LHS Marks 50 Years Of Foreign Exchange Programs
Bonjour…Hola…Guten Tag…Buna Ziva…so many languages, so many ways to say hello!
Lakewood High School currently is recognizing its 50-year involvement with student exchange programs that have allowed our students to study abroad and that have brought students from all over the globe here. For many years, Lakewood students participated in the American Field Service exchange program, and for the last decade LHS been involved with the Rotary Exchange program, which is supported by Rotary International in 30 countries, including Germany, Brazil and France.
The LHS tradition of participating in exchange programs began with Biff Folberth ’62, who was the first Lakewood High School student to study abroad. Folberth, now a member of the Lakewood Alumni Foundation Board of Trustees, took part in the AFS program and traveled to the Netherlands in 1961. Carrying on the exchange tradition at LHS is alumni and retired guidance counselor Marty Harris, who serves as Chairperson of International Service. The 2011-2012 exchange program will see the following LHS students studying abroad: Natasha Corrigan (Belgium), Eric Davis, Haley McGinty, Mikaela Tardivo and Mary Wallace (Brazil), Hallie Hamilton (France), Deven Middleton, Emma Larson and Melissa Richardson (Germany) and Lisa Kowalski (Iceland).
Harris said, “I feel the value of the exchange is to promote international friendship and understanding, to provide opportunities for education around the world, and to give youth educational and social opportunities that enrich them as future citizens. They return with increased confidence and academic enrichment as well as having a very inexpensive worldly experience.”
As part of the acceptance process, Harris explained, prospective students complete a questionnaire that lists all of the potential host countries. Students must indicate 'yes' or 'no' for each country, and then rank their first four choices, and then Rotary attempts to honor the choices. Interviews are traditionally done in the fall with acceptances occurring in December and countries decided in January. Students spend approximately 10 months abroad.
The old adage “rules are made to be broken” does not pertain to Rotary Exchange Students. A no drinking, driving, heavy dating or drug consumption policy is strictly enforced. Students are sent home if infractions are committed. Such rules for exchange students visiting the United States are equally enforced. As for the possible language barrier, some countries require students to study the language for two years before arriving.
For example, junior Hallie Hamilton is scheduled to go to France (her first choice) with some knowledge of the language. Senior Mackenzie Paul, on the other hand, embarked to Poland without the benefit of speaking Polish. LHS offers exchange students not fluent in English an “English as a Second Language” class to help them acclimate.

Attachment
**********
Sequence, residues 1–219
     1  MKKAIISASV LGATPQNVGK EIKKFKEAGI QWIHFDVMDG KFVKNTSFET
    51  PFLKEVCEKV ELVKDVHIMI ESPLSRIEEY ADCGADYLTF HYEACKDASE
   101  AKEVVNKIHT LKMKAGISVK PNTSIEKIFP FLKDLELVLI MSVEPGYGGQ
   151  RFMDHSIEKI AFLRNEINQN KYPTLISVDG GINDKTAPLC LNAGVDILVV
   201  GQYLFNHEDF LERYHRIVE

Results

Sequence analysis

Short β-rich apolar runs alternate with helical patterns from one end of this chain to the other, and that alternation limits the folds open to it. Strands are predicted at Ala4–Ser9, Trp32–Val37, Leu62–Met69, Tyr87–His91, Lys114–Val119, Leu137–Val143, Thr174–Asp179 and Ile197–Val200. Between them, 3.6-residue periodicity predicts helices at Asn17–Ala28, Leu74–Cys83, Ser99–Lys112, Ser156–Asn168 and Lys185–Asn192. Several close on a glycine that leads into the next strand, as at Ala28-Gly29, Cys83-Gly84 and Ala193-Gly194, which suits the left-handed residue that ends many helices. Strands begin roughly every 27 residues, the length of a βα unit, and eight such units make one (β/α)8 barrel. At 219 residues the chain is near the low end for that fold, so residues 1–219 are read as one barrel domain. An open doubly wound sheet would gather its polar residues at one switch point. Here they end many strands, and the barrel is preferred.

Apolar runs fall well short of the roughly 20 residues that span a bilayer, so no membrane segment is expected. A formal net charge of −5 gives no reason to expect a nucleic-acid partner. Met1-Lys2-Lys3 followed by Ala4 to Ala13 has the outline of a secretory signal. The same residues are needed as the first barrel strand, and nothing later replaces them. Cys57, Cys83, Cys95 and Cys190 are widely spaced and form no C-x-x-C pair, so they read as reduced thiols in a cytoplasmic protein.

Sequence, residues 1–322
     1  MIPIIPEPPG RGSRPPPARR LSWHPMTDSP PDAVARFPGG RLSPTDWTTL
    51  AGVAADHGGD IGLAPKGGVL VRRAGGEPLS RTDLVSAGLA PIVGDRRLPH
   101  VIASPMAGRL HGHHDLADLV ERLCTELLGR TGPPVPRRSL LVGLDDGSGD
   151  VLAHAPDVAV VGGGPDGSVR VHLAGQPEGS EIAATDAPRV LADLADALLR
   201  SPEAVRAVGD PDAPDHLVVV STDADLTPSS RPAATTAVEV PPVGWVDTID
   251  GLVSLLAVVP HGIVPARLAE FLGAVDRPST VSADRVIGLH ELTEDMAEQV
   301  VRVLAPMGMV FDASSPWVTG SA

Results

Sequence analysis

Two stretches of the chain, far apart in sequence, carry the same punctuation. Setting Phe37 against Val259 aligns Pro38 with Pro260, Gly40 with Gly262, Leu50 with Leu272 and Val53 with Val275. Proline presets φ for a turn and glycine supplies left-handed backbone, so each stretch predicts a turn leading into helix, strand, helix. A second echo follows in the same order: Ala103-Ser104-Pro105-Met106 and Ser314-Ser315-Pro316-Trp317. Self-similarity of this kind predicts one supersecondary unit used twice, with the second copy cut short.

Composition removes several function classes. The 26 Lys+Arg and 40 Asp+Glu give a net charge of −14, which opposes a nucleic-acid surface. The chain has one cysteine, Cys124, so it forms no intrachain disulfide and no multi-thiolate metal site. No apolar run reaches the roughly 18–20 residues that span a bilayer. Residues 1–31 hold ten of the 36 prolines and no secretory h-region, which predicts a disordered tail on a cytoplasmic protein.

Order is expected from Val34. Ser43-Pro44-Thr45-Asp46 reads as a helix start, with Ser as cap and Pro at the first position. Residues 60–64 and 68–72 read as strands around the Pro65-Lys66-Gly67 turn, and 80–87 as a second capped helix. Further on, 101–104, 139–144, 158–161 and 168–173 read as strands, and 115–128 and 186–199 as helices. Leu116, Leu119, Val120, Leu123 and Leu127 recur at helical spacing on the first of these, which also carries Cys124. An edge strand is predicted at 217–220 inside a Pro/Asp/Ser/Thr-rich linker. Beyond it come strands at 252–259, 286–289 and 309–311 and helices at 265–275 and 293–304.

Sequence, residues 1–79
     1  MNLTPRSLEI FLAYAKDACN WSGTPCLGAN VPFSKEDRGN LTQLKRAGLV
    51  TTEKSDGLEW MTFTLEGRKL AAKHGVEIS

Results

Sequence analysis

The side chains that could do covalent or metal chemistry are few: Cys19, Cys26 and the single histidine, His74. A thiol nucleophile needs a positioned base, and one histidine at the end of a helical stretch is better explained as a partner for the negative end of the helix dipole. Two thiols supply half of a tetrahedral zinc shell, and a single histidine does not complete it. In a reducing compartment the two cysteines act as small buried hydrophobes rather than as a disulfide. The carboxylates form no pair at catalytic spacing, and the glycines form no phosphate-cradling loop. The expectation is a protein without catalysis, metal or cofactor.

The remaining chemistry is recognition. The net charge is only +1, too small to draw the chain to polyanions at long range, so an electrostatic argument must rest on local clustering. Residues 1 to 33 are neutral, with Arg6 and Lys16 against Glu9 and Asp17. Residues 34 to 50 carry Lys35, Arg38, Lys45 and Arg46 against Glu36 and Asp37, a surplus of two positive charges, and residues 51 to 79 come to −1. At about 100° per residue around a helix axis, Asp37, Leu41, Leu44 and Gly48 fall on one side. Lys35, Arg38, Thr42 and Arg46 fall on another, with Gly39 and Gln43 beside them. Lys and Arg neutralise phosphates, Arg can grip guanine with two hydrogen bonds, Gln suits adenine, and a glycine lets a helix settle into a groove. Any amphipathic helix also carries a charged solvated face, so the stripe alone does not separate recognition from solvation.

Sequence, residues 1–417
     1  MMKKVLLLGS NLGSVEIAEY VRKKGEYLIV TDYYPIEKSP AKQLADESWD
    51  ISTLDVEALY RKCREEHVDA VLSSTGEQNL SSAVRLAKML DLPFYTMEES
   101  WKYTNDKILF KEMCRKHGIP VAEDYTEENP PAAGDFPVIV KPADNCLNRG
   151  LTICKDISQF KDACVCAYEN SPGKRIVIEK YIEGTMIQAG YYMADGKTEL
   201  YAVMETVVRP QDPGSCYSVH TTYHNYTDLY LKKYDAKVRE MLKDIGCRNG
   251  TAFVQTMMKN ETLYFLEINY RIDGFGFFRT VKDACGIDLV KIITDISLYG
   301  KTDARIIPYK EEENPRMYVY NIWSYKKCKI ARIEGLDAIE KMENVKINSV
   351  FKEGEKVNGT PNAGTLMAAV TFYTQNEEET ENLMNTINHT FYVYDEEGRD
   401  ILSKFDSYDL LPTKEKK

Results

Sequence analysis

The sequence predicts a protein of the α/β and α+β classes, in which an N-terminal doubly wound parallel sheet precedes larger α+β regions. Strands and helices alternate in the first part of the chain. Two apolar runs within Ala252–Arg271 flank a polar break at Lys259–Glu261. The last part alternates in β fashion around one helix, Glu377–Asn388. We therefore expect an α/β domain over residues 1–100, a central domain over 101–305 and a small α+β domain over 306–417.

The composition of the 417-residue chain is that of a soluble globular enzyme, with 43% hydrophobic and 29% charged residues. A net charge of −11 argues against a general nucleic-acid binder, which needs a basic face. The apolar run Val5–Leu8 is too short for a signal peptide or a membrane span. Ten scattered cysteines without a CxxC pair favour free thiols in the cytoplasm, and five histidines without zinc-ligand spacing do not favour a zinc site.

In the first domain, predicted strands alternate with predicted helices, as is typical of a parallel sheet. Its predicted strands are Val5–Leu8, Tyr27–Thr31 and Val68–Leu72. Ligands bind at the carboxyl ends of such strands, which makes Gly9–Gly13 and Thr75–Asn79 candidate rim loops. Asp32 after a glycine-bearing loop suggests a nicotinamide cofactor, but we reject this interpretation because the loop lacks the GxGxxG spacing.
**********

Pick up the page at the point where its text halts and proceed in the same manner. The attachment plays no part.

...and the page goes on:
On this side of the exchange, acclimating foreign exchange students to family and school life in Lakewood is a top priority. Ensuring a smooth transition requires placing students with local families, ideally with children involved in the school system and community activities. Most students traveling abroad attend school in their host country, receiving high school credits for their grades. Fifteen is the youngest age for a student to be considered for the exchange program, while occasionally a student chooses to wait until after graduation to participate.
The bond between exchange students and their host families can be lifelong. Begun back in 2003, the relationship that was forged between Lakewood host family, the Aylwards, and Brazil exchange student Joachim continues to this day. Holiday and birthday greetings are still exchanged between families with the bond morphing into a type of a “family cousin” relationship. Kevin Aylward said he recalls Joachim’s introduction to the American slang expression “wuzzup” with his new Lakewood friends and his ability to adapt because of their acceptance. The Aylward family also was able to spend time with Joachim’s sister, who was a foreign exchange student in Chicago.
With ever-expanding technological breakthroughs such as Skype and Facebook, exchange students can communicate with friends and family on a regular basis. Connor Meehan, a recent LHS Rotary exchange student, emailed his heartfelt and informative “Chronicles from Brazil” documenting his activities and adventures while traveling abroad.